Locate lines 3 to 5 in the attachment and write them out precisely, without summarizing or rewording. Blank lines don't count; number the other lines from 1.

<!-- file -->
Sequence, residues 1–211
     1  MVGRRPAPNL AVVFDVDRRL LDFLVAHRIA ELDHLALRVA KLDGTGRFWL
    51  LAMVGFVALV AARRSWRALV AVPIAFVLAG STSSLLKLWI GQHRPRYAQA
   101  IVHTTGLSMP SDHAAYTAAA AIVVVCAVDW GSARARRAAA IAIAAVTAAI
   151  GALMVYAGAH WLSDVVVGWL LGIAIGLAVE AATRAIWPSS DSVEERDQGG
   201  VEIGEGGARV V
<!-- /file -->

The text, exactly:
    51  LAMVGFVALV AARRSWRALV AVPIAFVLAG STSSLLKLWI GQHRPRYAQA
   101  IVHTTGLSMP SDHAAYTAAA AIVVVCAVDW GSARARRAAA IAIAAVTAAI
   151  GALMVYAGAH WLSDVVVGWL LGIAIGLAVE AATRAIWPSS DSVEERDQGG